The NFL called the Columbia University physics department to find out how atmospheric conditions could affect the air pressure in footballs.
In an effort to shed light on the controversy surrounding under-inflated footballs used by the New England Patriots in the first half of the AFC Championship Game against the Indianapolis Colts, the NFL sought out nerds instead of jocks for answers.
According to the New York Times, an attorney for the NFL, Lorin L. Reisner, a partner of the law firm Paul, Weiss, Rifkind, Wharton and Garrison, indicated on Monday, “He would consult with a physicist on matters relating to gas physics.”
All of this comes in the aftermath of allegations accusing the Patriots of intentionally deflating game balls to seek an advantage. The organization has categorically denied such charges and hopes to prove that weather conditions or some other benign reason caused the deflation.
Saturday Patriots coach Bill Belichick gave a press conference using confusing science as to how the footballs may have deflated by halftime on Sunday when referees collected the balls in question.
Demonstrating that the NFL is taking the matter very seriously, the league’s top lawyer Jeff Pash and Ted Wells, a litigation specialist who authored the report on the Miami Dolphins bullying scandal last season, have been asked to lead the investigation of the deflated footballs fiasco. Moreover, they have contracted a sophisticated forensic investigative firm, Renaissance Associates, to help them evaluate pertinent electronic and video details.
A Facebook post by Brian Metzger, a physicist at Columbia, mentioned that the NFL contacted the Columbia physics department about the deflated balls issue.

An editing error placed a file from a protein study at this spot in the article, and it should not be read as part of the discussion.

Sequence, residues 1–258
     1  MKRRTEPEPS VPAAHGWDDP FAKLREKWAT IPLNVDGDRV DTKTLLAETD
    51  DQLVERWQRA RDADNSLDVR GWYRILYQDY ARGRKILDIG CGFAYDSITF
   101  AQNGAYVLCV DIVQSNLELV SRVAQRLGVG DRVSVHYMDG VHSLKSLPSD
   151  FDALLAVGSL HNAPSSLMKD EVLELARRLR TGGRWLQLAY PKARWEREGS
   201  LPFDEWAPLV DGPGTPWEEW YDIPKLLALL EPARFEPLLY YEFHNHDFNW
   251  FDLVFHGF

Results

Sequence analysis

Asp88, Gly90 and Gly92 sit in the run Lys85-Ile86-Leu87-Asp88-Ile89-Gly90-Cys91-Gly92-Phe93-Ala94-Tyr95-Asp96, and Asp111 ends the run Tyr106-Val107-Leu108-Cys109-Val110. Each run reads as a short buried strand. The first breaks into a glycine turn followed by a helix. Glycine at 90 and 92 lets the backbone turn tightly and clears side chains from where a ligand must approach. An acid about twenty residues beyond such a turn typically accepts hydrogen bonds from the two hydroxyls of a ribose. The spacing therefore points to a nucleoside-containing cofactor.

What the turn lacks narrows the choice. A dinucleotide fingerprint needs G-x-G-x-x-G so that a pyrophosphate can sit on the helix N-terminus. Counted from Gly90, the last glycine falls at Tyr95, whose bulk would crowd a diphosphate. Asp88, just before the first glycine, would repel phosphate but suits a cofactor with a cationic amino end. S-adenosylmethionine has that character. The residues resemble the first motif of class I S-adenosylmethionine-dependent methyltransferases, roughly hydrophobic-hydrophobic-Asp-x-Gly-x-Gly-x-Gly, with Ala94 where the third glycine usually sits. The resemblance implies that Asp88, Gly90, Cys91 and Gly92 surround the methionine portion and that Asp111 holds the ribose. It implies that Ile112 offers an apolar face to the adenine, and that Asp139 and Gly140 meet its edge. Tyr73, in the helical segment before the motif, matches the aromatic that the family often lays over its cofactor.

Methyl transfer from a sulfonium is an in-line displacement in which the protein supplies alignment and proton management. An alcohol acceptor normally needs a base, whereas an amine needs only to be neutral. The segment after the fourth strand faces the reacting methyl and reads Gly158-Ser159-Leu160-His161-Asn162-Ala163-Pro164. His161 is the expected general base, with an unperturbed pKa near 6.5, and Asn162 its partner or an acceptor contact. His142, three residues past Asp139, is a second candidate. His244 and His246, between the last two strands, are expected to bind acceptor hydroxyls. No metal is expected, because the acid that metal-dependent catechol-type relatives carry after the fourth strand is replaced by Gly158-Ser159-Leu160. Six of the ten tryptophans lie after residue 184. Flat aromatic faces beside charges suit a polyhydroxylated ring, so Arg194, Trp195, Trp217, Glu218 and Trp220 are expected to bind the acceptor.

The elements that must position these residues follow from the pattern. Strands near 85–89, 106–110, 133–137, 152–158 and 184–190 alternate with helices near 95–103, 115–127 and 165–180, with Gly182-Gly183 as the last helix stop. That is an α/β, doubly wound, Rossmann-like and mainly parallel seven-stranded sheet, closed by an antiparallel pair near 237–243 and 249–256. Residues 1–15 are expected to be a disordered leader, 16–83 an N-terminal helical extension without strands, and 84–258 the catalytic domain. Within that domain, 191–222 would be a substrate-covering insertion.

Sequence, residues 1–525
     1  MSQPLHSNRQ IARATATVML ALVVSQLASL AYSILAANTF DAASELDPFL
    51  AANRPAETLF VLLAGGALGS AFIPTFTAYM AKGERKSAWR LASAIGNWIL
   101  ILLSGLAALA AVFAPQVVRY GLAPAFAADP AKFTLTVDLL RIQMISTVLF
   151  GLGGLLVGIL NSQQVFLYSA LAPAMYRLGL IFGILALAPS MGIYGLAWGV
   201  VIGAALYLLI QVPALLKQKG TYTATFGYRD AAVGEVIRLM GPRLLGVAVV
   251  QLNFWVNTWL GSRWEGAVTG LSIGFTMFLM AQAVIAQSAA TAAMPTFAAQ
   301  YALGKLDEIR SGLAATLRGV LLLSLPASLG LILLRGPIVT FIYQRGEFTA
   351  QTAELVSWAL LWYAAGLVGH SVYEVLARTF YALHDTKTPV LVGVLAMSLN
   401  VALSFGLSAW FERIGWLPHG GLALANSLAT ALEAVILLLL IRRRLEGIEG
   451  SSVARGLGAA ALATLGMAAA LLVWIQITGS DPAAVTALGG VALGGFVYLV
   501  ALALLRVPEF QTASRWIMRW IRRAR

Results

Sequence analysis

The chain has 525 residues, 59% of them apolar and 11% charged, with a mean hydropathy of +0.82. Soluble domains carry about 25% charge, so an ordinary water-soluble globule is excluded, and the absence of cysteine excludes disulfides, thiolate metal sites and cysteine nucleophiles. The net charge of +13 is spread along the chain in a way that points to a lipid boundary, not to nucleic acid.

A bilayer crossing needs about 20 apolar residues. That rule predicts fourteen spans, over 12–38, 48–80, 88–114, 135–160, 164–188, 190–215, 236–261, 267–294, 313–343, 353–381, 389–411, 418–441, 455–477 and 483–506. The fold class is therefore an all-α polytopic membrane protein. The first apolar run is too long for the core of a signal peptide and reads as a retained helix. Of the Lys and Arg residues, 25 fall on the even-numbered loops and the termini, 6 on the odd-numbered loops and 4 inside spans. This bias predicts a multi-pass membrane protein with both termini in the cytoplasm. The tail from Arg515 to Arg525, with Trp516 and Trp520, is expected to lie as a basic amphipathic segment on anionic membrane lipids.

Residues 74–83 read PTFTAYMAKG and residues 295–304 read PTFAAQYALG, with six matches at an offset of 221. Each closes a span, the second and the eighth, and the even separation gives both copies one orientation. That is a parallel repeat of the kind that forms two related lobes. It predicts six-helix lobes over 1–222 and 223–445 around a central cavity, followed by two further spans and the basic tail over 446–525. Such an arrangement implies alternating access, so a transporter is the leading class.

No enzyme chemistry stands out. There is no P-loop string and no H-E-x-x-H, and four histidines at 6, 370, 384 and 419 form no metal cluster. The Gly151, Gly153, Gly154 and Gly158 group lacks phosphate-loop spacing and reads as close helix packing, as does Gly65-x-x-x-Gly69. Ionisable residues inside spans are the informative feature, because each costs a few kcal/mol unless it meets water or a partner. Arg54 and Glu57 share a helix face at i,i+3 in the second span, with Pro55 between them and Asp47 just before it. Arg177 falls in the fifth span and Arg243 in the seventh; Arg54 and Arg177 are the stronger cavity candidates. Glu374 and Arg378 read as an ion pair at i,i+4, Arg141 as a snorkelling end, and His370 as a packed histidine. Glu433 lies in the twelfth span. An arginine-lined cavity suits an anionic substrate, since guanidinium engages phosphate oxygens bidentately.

Reisner followed an unanswered voice mail to the department, stating:
Just to confirm our call, we represent the N.F.L. in connection with the investigation into the footballs used during the A.F.C. championship game and would like to discuss engaging a professor of physics to consult on matters relating to gas physics and environmental impacts on inflated footballs. Please let me know whether there is a Columbia professor who may be interested in and appropriate for this assignment.
Although he didn’t reach out to Reisner, William Zajc, another Columbia physicist said he was tempted to respond just to correct all the misinformation disseminated on the topic in the media reports. The physicist gives little credence that atmospheric influences could deflate the footballs. “I think it’s more likely than not that they were manipulated,” Zajc said.
Significantly, after consulting Columbia physicists along with all of the discussion and accusations about how all the balls were deflated by two pounds in pressure, it turns out, according to one league source, that ten of the eleven footballs may have been deflated closer to one pound. NBC Sports’ ProFootballTalk noted that the NFL has not released the exact PSI measurements of the balls taken and calibrated at halftime.